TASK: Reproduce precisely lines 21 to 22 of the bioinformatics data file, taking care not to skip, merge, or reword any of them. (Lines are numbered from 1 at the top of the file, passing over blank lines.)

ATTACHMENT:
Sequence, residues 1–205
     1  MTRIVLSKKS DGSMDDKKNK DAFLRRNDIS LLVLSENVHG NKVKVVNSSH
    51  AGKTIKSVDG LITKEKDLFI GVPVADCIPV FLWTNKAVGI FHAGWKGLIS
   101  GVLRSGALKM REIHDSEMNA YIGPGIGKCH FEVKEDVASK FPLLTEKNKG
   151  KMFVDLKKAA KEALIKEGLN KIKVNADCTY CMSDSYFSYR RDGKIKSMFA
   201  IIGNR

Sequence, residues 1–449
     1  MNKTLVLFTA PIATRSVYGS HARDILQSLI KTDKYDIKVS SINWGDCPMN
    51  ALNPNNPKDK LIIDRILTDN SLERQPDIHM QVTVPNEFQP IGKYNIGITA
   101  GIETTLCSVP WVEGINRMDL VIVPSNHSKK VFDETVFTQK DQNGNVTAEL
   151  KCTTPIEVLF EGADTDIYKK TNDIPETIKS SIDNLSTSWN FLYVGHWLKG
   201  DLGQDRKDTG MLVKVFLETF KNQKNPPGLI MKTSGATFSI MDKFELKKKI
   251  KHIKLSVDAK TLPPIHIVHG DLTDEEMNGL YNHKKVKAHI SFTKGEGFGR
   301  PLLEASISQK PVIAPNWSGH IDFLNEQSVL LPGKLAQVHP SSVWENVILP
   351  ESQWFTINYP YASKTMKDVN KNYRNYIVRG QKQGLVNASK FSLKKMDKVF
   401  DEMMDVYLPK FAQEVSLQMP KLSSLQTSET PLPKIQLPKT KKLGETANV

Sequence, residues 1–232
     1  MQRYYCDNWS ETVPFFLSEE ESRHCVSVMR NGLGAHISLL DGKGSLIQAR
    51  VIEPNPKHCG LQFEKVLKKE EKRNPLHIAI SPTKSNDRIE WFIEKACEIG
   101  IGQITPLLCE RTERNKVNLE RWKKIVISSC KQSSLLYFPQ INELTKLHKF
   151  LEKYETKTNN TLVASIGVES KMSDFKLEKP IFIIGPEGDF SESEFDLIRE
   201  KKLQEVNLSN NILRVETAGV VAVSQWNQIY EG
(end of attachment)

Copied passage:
   151  LEKYETKTNN TLVASIGVES KMSDFKLEKP IFIIGPEGDF SESEFDLIRE
   201  KKLQEVNLSN NILRVETAGV VAVSQWNQIY EG